STUNNING drone footage shot over the city centre and posted on Facebook to promote a new restaurant has sparked a row after the pilot was accused of breaking almost every rule in the book.
The unmanned aerial vehicle flies high above River Ness taking in iconic landmarks before swooping down Tomnahurich Street past Tesco Metro and on to the recently-opened Pepperoni Speciale, swirling around the eatery at eye-level.
A Facebook user who was among the three minute film’s 13,000 viewers left a comment of "Wow! Cool vid!".
But the pin-sharp footage has come under criticism from the Civil Aviation Authority (CAA) and sparked a safety message from Police Scotland.
"They are clearly flying over busy roads and they should not be doing that because it is dangerous activity,’ said Richard Taylor from the CAA.
"The rules clearly say you are not allowed to fly over congested areas, which accounts for most towns and city centres, and you are not allowed to fly within 50m of vehicles, people or buildings or use it for marketing purposes without commercial permission from us."
The restaurant’s manager Paulina Pawlak said she had not known there were rules to adhere to, she was just trying to make a fun advert.
Drone use is growing at a rapid rate in the UK with many people spending thousands of pounds on courses so that they can do it professionally.
Others just buy drones and do not follow basic safety rules.
The Inverness Courier broke a story last month about a drone flier who managed to land his £300 remotely-controlled aircraft on the Royal Navy’s most advanced warship completely unchallenged while it was docked in Cromarty.
Those flouting the rules could be jailed or fined.
But it is difficult for the police to take action unless the pilot is caught in the act or confesses afterwards.
The drone footage produced by Pepperoni Speciale was reported to Police Scotland who issued a safety message urging anyone who plans to use a drone, whether it is for recreational or commercial purposes, to be aware of the CAA’s legislation.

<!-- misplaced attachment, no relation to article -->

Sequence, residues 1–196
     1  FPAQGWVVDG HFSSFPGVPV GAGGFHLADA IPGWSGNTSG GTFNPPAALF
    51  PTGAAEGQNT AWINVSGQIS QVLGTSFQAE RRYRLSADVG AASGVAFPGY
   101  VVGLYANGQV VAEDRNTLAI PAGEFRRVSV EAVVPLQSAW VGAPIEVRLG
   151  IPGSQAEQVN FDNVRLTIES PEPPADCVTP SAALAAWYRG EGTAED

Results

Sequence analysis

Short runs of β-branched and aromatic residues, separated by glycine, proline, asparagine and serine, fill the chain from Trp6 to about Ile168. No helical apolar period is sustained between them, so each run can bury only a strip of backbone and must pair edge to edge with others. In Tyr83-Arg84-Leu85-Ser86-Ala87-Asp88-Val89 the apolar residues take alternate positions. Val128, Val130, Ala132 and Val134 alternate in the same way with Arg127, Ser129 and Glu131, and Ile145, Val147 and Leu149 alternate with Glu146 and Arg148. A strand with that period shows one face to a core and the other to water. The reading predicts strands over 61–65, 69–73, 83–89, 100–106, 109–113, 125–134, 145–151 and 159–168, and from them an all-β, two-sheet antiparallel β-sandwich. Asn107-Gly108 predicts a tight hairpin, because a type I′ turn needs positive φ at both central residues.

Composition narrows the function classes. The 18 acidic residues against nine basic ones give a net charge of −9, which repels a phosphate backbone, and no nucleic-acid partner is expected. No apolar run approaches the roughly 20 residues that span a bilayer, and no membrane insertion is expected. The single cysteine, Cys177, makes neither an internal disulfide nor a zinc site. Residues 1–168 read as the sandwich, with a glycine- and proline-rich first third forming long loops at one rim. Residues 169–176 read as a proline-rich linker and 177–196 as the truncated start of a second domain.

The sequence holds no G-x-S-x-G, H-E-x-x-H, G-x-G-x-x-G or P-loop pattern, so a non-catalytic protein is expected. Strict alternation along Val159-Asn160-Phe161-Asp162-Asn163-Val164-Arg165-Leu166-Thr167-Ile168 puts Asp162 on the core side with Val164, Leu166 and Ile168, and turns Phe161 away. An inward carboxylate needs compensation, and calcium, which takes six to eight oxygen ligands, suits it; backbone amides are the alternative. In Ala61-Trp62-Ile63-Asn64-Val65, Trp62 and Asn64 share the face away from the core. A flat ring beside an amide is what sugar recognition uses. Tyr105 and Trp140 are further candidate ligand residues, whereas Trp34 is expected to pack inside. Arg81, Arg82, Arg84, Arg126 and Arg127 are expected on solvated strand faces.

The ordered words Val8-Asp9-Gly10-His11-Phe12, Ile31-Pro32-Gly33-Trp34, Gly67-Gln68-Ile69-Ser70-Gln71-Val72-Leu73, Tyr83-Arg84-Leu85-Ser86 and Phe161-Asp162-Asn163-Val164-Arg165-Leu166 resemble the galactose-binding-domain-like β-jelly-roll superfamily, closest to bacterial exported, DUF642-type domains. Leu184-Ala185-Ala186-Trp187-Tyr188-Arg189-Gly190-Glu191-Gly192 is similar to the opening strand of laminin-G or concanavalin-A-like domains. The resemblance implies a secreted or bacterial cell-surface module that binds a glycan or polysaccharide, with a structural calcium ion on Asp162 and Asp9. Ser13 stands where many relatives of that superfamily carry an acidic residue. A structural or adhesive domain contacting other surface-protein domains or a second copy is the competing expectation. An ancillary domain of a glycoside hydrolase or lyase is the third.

A spokesman said: "As a pilot you are responsible for each flight and failure to fly responsibly could lead to action being taken."
A council spokeswoman added: "Drone operators require the permission of the landowner where they intend to take off and land their drone in any flight and it is not clear from this footage where the drone took off from.
"We are not aware of permission being sought to take off from council land for the purposes of making this video footage."
Ms Pawlak said she was very sorry for any problems she may have caused.
"As an excuse all I can say is none of us were informed there were rules around using drones," she said.
"Before we used ours we checked YouTube and spotted a few different videos from around Inverness city.
"And about a week before there was some flying and we thought it would be a great advert for our business to do the same.
"If any of us knew it would be such a problem we wouldn’t have done it, we’d never want to break any rules or cause a problem.
"I can only apologise for any inconvenience it causes and promise we will check the guidelines from the Civil Aviation Authority to have a knowledge about it so it won’t happen again."